Life is an interesting struggle sometimes. We were born perfect, yet we’re constantly trying to grow and improve. It sounds like a contradiction, yet somehow it’s not. We’re the only creatures on the planet that deal with this, that spend anytime looking inward.
I sometimes envy my dog because of this. Every day is a clean slate for her. She starts each day with the same excitement and happiness as she did two years ago. Every time I come home, she greets me with a sort of pure joy and love that I sometimes have a hard time understanding.
I wish that I could live one day like that, just to know how it feels. One day where all I feel is love and joy for every little thing that happens. Always in the moment. Incapable of negativity or judgment.
So I’m trying to grow. I’m trying to get close to that point where the love that is inside me can flow freely and effortlessly. Where I can open myself up to those close to me without fear of judgment or betrayal. I realized recently that, in my last relationship, I wasn’t as open as I thought I was. I thought I was communicating and telling her what I needed. Yet, after more then 7 months apart, I’m just realizing I wasn’t at all. I was withholding information and feelings from her and that was preventing our relationship from progressing. I was preventing her from being her best.
Which Brings Me To My Point
I’ve always believed that, as individuals, we are doing the best that we can at any given moment. We may not be right and we may make mistakes. But at that moment, we are doing the best that we can.
I made mistakes in that relationship. I dealt with frustration and problems very poorly at times. But at that moment, I was doing the best that I could.
At the same time, I would have done better if I knew how. I think most people would agree with that. Wouldn’t you?
How Do I Learn How To Better?
I’ve handled many things poorly but it was the best I could do at that moment. If I knew how to handle it better, I would have! But when do I learn to handle it better? Well, afterwards, of course. After the dust has settled and I’ve had time to reflect and see how it affected the people involved. Then it becomes clear to me what has happened.
And truthfully, this has been haunting me lately. That sentence ‘I would have done better if I knew how’. Am I going to spend the rest of my life living by that saying? There must be a way to ‘know how to do better’ before I actually act.
When I reflect on myself and my actions, it slowly comes into focus where I can do better. I understand my flaws, my old wounds that keep surfacing. And while I can understand where I need to change and grow, I can’t seem to do it. It’s like a switch that I just can’t turn off. It’s dark and I can’t see – but I can’t turn the light on.
It turns out that relationships exist to foster growth. I grew up with this notion that I’d meet a girl, we’d fall in love, agree on everything, and live happily ever after. I grew up with the notion that arguing was bad. Fighting was bad.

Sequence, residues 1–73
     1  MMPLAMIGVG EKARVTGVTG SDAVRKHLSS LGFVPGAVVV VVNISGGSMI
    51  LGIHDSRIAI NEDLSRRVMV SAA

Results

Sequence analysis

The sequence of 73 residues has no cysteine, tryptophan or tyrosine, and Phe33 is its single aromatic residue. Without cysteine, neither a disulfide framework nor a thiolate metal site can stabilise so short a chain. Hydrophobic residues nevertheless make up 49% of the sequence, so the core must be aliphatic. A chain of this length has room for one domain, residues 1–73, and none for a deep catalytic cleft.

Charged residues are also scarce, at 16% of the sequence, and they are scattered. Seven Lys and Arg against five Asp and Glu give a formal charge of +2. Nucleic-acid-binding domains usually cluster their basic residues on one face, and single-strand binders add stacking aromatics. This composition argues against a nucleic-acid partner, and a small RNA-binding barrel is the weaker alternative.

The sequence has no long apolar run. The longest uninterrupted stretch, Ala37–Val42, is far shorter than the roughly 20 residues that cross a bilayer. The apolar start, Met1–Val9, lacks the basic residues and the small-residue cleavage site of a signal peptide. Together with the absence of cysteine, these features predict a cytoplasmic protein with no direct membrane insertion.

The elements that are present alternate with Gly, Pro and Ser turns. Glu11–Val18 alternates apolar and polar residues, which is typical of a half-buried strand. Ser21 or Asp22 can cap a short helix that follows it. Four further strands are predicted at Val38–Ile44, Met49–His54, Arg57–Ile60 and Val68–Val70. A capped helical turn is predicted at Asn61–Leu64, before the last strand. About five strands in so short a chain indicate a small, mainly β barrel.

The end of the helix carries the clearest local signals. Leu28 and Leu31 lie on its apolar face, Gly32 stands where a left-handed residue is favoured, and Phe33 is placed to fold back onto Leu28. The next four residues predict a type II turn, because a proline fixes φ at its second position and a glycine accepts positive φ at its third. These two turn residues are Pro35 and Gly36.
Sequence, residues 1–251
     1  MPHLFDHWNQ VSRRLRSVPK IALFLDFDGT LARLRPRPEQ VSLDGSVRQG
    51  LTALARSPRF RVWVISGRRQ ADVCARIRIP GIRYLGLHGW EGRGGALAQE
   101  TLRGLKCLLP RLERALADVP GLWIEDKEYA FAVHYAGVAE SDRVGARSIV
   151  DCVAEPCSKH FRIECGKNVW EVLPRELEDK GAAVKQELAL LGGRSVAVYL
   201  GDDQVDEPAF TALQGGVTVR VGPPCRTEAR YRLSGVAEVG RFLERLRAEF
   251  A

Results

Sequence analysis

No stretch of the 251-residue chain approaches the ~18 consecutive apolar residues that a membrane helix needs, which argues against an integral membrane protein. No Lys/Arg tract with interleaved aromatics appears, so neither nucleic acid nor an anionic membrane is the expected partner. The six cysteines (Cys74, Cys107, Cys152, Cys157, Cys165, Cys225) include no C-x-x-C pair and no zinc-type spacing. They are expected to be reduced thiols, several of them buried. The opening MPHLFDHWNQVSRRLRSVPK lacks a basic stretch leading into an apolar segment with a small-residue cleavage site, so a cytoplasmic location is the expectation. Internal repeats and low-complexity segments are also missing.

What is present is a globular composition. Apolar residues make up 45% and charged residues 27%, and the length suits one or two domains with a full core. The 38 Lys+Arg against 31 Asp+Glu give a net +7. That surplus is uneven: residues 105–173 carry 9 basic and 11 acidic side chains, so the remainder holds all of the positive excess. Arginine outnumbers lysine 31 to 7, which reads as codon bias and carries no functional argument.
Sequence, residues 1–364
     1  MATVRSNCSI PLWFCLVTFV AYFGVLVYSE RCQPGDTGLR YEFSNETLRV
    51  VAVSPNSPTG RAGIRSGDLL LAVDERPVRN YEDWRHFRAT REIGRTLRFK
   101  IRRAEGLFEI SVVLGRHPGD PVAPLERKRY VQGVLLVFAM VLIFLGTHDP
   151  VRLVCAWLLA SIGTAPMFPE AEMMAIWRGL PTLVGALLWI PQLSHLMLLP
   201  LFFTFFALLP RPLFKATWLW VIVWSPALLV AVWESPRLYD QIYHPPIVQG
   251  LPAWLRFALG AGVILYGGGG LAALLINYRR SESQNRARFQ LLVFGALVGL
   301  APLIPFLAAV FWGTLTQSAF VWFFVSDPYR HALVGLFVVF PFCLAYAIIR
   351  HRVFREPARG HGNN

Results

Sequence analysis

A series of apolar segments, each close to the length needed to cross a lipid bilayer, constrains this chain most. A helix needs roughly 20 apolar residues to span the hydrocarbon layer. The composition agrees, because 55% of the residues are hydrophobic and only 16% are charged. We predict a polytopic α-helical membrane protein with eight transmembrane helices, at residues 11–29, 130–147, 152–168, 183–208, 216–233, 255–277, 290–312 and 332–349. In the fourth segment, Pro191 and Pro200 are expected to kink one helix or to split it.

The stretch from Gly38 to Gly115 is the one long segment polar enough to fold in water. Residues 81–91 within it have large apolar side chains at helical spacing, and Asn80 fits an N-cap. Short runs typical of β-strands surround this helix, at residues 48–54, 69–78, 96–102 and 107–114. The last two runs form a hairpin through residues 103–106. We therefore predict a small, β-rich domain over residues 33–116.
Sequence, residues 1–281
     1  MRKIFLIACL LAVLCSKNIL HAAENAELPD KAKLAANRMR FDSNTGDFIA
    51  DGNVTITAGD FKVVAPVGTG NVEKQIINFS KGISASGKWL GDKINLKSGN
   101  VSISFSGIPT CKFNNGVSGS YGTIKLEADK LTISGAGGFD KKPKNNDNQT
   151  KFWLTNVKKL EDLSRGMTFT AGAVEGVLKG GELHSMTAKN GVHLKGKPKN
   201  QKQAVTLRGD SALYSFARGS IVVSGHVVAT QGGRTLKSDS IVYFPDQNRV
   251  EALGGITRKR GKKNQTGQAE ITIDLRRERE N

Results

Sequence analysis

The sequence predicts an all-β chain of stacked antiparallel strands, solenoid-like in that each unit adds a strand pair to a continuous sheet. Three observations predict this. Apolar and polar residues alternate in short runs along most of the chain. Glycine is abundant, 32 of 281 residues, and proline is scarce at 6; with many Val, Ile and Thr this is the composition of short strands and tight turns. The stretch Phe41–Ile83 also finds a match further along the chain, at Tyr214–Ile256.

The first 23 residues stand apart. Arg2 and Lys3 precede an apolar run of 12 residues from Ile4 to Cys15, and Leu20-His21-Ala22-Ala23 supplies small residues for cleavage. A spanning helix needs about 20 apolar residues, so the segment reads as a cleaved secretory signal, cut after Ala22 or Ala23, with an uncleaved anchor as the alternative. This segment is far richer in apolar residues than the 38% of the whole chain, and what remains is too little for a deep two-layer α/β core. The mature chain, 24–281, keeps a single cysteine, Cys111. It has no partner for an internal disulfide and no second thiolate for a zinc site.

But it turns out that not arguing or fighting means you’re holding everything in. And truthfully, you’re kidding yourself when you think you’re holding in emotions. It justmanifests itself somewhere else. You either end up poisoning the relationship or poisoning your health. So those emotions need to be let out and brought to the surface. They need to be dealt with before they become an issue.
A relationship has a way of doing that. Of targeting the parts of you that need to grow and heal. That’s what the frustration is, and the anger and hurt. They’re signposts of what you need to deal with. And a great relationship will see both people working together to help each other grow towards their potential.
But I think another misconception I had growing up was that ‘relationship’ also meant ‘permanent’. So I take the loss of a wonderful, perfect woman pretty hard. I see her moving and drifting away and it hurts quite a bit. It hurts a lot.
What Defines Success Here?
I was reading the other day that if a relationship served to help you grow and heal, then that relationship was a success. Don’t judge a relationship by how long it lasted but by how much you grew from it. And from the past relationship, I learned a lot and I grew. And I learned what it means to ‘heal’. What I learned about myself will keep my busy trying to do better for a long time to come. I learned what pure love is from her. I saw what spiritual perfection is. And I learned that I’m the same, that I have that same capability.
But it still hurts. I still haven’t learned how to accept relationships as fleeting. I’ve heard the saying that people come into your life for a reason, a season, or a lifetime. And I suppose I erred in assuming that this season was going to last longer. My own expectations did me in!
If you have a similar story or advice, I’d love to hear from you. I know this post was a little different from the way I usually write but I think sometimes just sharing the story has it’s own benefits. It’s own way of reaching out to people.